Civil society groups across Eastern Europe and Central Asia are consolidating resources and presenting a unified front to national governments to call for a greater domestic investment in harm reduction as part of the HIV response.
As the resources available from the Global Fund for regional programs are limited due to the implementation of the new funding model (NFM), there is a very real risk to the sustainability of existing harm reduction activities across the region -- most of which were in large part supported by Global Fund grants.
At a series of regional events hosted by the European Harm Reduction Network (EHRN) in Georgia and Latvia, civil society stakeholders were exhorted to plan strategically and develop an evidence base for the value of harm reduction programming in order to advocate with national governments.
Advocacy by communities in favor of policy change is the only way harm reduction will make it on to the agenda, and into the budget, of regional governments, said Anna Dovbakh, deputy director of technical support and information for EHRN -- itself a recipient of a Global Fund regional grant. In response to declining support from the Fund, the network itself is transitioning away from direct service provision into a more strategic role, helping at the country-level to develop advocacy and policy campaigns to promote harm reduction as a pillar of the public health response to HIV.
Stakeholders from countries participating in the EHRN meetings were encouraged to share best practices and demonstrate how the case can be made for governments to support harm reduction, which has been politically sensitive due to the nature of responding to the needs of people who inject drugs. But because this vulnerable population is the driver of the majority of HIV infections in the region, doing nothing poses an even greater health risk, noted Dovbakh.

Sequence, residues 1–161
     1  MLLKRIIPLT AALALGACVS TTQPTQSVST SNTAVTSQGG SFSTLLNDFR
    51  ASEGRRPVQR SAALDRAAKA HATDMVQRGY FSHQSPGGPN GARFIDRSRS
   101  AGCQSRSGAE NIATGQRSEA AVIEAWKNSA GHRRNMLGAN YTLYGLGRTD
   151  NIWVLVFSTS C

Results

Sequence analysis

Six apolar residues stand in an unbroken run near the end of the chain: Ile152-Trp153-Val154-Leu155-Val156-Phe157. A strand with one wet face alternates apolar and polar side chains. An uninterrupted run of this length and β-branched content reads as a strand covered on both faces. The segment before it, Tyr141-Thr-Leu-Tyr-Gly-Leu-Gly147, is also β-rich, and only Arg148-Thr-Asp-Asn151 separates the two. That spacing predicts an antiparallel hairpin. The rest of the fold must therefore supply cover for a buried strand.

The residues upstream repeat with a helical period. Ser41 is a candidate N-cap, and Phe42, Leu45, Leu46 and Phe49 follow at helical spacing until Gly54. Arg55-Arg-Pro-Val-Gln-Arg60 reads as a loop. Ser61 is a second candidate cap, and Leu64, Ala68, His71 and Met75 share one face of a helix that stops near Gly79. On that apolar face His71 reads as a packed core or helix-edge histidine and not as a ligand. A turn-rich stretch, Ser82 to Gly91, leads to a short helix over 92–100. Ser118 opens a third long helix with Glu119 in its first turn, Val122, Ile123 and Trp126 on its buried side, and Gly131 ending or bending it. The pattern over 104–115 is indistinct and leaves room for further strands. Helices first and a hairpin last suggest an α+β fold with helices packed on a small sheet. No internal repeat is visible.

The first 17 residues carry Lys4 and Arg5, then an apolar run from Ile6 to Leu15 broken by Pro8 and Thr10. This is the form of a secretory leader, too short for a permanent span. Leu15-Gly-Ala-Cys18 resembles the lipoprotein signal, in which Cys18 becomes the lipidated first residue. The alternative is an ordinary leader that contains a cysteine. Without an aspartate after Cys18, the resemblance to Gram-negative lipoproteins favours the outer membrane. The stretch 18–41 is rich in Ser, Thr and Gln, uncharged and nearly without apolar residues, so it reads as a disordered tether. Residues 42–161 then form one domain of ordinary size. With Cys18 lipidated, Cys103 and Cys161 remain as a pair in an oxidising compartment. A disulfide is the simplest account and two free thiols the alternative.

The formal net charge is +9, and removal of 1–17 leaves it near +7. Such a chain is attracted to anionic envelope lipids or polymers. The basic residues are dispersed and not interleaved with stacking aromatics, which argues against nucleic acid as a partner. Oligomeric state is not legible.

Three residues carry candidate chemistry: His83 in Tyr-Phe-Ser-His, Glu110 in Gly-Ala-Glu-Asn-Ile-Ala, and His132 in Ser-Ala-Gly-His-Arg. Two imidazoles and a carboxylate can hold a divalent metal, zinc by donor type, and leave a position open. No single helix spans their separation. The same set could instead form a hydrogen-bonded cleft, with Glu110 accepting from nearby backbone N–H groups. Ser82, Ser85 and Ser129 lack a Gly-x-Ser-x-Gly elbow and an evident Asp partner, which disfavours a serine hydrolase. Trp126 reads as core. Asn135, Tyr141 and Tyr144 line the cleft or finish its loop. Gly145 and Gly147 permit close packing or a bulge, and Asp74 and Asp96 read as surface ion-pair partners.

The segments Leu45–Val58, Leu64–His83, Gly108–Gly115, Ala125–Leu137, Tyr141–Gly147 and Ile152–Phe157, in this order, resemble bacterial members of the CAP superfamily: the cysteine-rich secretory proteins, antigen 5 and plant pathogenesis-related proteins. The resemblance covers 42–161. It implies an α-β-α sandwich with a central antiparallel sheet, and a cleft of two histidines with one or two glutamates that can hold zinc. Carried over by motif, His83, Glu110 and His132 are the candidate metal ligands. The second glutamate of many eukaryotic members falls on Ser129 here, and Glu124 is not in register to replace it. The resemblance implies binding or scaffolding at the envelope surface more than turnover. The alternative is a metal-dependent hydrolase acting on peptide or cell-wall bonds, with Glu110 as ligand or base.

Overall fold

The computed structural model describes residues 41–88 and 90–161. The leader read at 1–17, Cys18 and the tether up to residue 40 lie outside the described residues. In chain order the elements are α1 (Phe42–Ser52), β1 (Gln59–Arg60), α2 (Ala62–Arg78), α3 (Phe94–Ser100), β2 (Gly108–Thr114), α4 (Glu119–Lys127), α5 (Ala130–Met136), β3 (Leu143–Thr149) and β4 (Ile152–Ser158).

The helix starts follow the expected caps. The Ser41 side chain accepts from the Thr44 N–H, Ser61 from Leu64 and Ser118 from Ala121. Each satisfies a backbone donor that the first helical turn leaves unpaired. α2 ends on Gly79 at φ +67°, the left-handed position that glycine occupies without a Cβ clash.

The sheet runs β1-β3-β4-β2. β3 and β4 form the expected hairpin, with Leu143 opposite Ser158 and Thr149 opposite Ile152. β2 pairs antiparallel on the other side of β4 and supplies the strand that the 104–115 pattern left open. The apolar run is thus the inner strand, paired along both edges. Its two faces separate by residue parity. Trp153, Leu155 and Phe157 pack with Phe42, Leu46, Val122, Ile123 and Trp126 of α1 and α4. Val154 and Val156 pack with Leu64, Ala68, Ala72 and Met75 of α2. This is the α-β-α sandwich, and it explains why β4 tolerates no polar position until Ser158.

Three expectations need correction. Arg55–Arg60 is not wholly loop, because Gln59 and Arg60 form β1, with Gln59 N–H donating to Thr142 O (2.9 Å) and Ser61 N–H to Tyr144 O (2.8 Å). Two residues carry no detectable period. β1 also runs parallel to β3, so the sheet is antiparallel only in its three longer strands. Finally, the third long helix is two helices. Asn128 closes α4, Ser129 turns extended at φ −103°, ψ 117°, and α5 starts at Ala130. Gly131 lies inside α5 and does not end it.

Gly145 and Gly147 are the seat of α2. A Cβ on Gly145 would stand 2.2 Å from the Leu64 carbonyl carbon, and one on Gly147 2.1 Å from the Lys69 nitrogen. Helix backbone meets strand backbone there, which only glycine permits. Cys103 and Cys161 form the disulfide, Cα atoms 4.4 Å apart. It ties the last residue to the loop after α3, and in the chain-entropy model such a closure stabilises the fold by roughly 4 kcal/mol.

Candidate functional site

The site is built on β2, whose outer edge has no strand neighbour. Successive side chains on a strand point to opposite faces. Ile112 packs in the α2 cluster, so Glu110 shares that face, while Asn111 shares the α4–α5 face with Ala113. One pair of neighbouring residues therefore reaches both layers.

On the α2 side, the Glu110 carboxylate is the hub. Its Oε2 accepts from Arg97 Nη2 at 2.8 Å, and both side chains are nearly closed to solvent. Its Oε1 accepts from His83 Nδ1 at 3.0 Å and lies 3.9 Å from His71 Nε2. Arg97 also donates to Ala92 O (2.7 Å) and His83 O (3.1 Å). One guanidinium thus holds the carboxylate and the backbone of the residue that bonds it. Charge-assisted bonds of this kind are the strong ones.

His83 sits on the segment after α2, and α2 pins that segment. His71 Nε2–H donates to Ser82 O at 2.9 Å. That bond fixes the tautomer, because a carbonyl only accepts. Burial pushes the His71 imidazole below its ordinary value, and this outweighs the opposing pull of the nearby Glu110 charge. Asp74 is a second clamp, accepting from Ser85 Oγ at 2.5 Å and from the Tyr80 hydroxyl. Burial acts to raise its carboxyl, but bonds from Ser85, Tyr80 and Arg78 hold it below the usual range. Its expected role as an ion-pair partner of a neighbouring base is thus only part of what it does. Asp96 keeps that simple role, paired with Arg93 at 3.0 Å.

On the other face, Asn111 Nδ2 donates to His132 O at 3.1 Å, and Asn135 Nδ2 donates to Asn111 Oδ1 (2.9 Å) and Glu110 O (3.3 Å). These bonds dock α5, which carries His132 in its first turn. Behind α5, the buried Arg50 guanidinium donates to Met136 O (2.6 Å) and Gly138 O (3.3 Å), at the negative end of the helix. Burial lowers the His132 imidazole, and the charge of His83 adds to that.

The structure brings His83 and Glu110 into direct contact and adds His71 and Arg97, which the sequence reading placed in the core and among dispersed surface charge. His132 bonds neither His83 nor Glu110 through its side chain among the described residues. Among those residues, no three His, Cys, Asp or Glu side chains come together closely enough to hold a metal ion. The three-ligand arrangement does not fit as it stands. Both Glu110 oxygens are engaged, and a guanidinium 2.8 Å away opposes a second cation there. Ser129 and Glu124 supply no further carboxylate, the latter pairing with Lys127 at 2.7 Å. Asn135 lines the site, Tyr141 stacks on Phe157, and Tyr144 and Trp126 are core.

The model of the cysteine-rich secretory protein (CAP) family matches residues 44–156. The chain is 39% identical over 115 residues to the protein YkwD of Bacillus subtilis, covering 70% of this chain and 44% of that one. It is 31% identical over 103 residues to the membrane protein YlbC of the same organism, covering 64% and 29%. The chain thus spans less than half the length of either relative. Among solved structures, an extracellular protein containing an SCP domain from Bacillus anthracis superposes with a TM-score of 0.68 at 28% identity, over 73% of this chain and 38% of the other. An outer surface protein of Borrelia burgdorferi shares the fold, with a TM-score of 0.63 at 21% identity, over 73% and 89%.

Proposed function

Much of the discussion was conducted within the context of the three-year regional initiative underwritten by the Global Fund called Harm Reduction Works: Fund It!
Launched in May 2014 in Belarus, Georgia, Kazakhstan, Moldova, Tajikistan and Ukraine, the program seeks to mobilize community support as a political tool to encourage legislative and budgetary support for harm reduction.
An assessment tool for community-level stakeholders to measure program quality and accessibility was presented at the Georgia meeting, to allow individual countries to prioritize the right kinds of activities and interventions based on the needs of their populations. Developing this evidence base will go a long way towards building an investment case for harm reduction, according to EHRN.
There are some good examples of state-supported harm reduction in the region; Ukraine, for example, is seen as a regional leader in integrating opioid substitution therapies, needle exchange and methadone programs into its national response to HIV. Other best practices were shared during a session co-sponsored by the International Alliance - Ukraine that included representatives from Armenia, Azerbaijan and Russia.
Although the majority of Global Fund-eligible countries in EECA saw their envelopes diminish in the March 2014 announcement of country allocations under the NFM, the region remains eligible for regional programmatic support. EHRN together with the East Europe and Central Asia Union of People Living With HIV (ECUO) were invited to submit a proposal for a 7 million-dollar project to strengthen the advocacy potential of communities to ensure the sustainability of harm reduction and HIV programming.
Regional dialogue has begun and a three-day workshop took place October 19-21 to begin to develop the concept note, due in January 2015. Lively discussions about what areas to emphasize, how to achieve maximum efficiency and how to ensure collaboration and coordination ensued, according to Gennady Roshchupkin, a participant and the co-founder of the Eurasian Coalition on Male Health.
"We met against the backdrop of a bleak picture due to a funding crisis, but gradually realized that there are opportunities available -- we just have to move quickly," he told Aidspan. "Some of our priorities are bringing drug prices down, changing the policy environment and implementing the [new WHO recommendations on ARV use]. In order to accomplish this, we have to work hard on coming up with a cooperative strategy [involving all of the participating countries]. So that is where our emphasis needs to be, now."